Most of us have noticed that Mother’s Day has widely different meanings for everyone. I am grateful that mothers are acknowledged, but the vast differences in how we experience our mothers or being a mother elude the composers of greeting cards.
Each sibling will experience a different mother. My two sisters and I would laugh that there was always a favorite who wasn’t one of us. That, we realized, was existentially impossible. My older sister and I were not our mother’s favorites and our sister finally admitted it but didn’t know why. At least our experience was validated after our mother’s death.
Mothers cannot satisfy all their children’s needs. They are not allowed to have their own needs. On the other hand, there are women who did not choose to be mothers or can be harmful to their children’s development. Such is the lost cause of one-role meaning for a person.
Because there are so many differences in the way that one woman’s version of mothering plays out, Mother’s Day seeks to at least say it was good she allowed us to be born. But even that comes under attack.
Recently a remarkable young woman, Rachel Held Evans, unexpectedly passed away from a reaction to antiobiotics she was given to treat flu-like symptoms. Such a random and senseless cause of death has those who appreciated her reeling. Even worse, she leaves a 3 year old and a baby less than 1 year old with her grieving husband.
What has made her death even harder to bear is the harsh words used by some in the faith community of which she as a part. Rachel had increasingly sought to uphold Jesus’ gospel of love rather than legalism. A skillful writer, researcher and journalist, she reached out to those who had been hurt by the judgmentalism and rejection of some in that faith tradition. With discoveries of wide-spread abuses in some churches, large and small, those who felt outcast and in despair had in Rachel a voice that encouraged them to believe in their own worth and in God’s love for them.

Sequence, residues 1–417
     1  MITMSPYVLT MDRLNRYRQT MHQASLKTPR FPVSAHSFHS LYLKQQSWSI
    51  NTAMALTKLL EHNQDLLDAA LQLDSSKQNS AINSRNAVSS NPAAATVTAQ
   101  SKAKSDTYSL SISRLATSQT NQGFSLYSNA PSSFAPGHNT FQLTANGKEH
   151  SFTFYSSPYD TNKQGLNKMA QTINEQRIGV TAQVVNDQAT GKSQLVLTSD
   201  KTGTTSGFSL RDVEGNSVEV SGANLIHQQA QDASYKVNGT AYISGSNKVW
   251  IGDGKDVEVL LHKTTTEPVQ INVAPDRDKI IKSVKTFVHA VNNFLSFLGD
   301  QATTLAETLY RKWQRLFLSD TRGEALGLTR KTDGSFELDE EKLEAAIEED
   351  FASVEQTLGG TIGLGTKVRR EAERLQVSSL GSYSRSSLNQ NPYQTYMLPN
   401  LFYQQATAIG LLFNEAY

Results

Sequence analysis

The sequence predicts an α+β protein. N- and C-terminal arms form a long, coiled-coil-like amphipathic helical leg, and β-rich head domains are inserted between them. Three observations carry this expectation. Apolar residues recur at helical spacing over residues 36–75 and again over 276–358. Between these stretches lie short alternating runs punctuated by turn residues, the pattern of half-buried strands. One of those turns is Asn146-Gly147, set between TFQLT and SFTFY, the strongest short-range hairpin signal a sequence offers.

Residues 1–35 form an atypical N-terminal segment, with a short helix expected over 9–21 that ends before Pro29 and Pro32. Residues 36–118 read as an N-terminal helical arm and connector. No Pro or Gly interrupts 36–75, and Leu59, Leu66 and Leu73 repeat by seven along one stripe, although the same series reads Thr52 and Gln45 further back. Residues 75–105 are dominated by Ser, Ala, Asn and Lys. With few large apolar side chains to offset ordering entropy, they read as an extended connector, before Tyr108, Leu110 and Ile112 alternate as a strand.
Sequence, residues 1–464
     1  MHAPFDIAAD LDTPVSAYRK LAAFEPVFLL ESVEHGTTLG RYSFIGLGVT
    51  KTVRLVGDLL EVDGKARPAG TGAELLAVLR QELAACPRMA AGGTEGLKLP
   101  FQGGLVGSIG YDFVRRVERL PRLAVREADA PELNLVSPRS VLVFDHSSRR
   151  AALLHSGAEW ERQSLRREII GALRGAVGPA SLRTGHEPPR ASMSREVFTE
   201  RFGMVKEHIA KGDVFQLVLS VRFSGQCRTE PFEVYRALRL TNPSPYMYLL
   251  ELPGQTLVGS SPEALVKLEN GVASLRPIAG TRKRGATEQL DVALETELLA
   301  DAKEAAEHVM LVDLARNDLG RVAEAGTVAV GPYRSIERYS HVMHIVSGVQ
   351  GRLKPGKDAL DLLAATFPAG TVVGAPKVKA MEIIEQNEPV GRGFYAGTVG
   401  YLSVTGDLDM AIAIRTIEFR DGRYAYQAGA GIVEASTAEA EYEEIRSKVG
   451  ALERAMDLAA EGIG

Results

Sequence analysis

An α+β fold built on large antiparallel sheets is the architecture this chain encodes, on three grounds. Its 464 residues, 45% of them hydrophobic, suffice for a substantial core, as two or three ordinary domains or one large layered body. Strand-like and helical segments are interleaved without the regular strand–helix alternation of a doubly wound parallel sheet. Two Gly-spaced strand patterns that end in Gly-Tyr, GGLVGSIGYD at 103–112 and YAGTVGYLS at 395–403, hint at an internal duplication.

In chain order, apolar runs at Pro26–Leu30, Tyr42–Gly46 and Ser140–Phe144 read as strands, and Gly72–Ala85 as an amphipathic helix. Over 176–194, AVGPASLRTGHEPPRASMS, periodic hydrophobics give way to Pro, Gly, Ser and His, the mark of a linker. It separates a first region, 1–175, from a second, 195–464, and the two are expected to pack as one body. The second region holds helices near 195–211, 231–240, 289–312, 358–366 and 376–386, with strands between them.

But, just as in some families, while one sibling adores mother, another sibling feels animosity toward her. For some reason, Rachel’s emphasis on love angered some who believed her doctrine was not correct. They felt compelled to mar the grief many felt with their criticism and name-calling.
Why are some offended by a gospel of love? They were in Jesus’ day and they are now. Why is love so threatening to some people? Is it fear? Fear they won’t be the chosen, the favorite child? Comedian John Stewart recently said that the entire Jewish religion, in his view, was the search for the father’s approval.
The elder brother felt it in the Parable of the Prodigal Son, Martha seemed to feel it, the producers, the ones who do all the right things, the compliant ones, the performers, often feel slighted if love is extended to those who don’t conform as they think they should out of duty if not love.
As the saying goes, we can be happy or we can be right.
So why do some hate those who love? What makes us resistant to the experience of what we crave and need so badly? Love often does not play by the rules and that can feel scary. Is it the need for power to control?
I suggest widening our emotional economy. There is not a scarcity of love. When one person is loved, it doesn’t mean the other person is not loved. But each love is different because each person is different. As in the idea of five different love languages, it is not always easy to find out what way each person experiences feeling loved.
But for those who are threatened by love’s freedom, I hope you will forgive those who love for not measuring up to your definition of law as more important. It doesn’t mean you aren’t loved. I am sorry if you don’t feel loved. But please save the mean-spirited remarks and let us mourn this lost mother peacefully.